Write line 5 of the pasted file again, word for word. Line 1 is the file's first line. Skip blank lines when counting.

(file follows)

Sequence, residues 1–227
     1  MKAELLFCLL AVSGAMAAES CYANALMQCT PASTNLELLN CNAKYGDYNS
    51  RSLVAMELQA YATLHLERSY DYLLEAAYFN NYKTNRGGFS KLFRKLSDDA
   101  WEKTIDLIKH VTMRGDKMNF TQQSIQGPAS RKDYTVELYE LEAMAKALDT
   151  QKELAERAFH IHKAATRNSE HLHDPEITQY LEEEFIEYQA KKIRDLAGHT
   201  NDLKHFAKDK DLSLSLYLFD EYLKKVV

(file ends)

   151  QKELAERAFH IHKAATRNSE HLHDPEITQY LEEEFIEYQA KKIRDLAGHT